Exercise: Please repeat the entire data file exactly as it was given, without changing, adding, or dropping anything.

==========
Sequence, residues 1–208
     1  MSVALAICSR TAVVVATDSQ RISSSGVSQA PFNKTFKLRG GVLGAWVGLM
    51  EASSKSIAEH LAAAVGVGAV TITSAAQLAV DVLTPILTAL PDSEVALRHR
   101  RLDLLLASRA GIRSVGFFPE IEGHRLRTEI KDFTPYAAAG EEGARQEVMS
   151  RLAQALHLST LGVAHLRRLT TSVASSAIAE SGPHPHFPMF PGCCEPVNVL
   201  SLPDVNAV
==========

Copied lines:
Sequence, residues 1–208
     1  MSVALAICSR TAVVVATDSQ RISSSGVSQA PFNKTFKLRG GVLGAWVGLM
    51  EASSKSIAEH LAAAVGVGAV TITSAAQLAV DVLTPILTAL PDSEVALRHR
   101  RLDLLLASRA GIRSVGFFPE IEGHRLRTEI KDFTPYAAAG EEGARQEVMS
   151  RLAQALHLST LGVAHLRRLT TSVASSAIAE SGPHPHFPMF PGCCEPVNVL
   201  SLPDVNAV